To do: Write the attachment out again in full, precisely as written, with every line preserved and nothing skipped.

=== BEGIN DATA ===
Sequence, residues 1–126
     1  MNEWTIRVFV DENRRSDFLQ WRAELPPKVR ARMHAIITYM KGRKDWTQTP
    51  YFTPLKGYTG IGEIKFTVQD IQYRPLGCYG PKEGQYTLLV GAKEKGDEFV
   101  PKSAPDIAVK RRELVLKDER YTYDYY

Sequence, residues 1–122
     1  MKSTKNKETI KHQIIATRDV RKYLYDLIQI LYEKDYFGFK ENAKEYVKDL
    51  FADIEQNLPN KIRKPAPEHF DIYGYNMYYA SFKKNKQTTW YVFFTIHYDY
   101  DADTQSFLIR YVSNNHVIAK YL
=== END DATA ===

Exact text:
Sequence, residues 1–126
     1  MNEWTIRVFV DENRRSDFLQ WRAELPPKVR ARMHAIITYM KGRKDWTQTP
    51  YFTPLKGYTG IGEIKFTVQD IQYRPLGCYG PKEGQYTLLV GAKEKGDEFV
   101  PKSAPDIAVK RRELVLKDER YTYDYY

Sequence, residues 1–122
     1  MKSTKNKETI KHQIIATRDV RKYLYDLIQI LYEKDYFGFK ENAKEYVKDL
    51  FADIEQNLPN KIRKPAPEHF DIYGYNMYYA SFKKNKQTTW YVFFTIHYDY
   101  DADTQSFLIR YVSNNHVIAK YL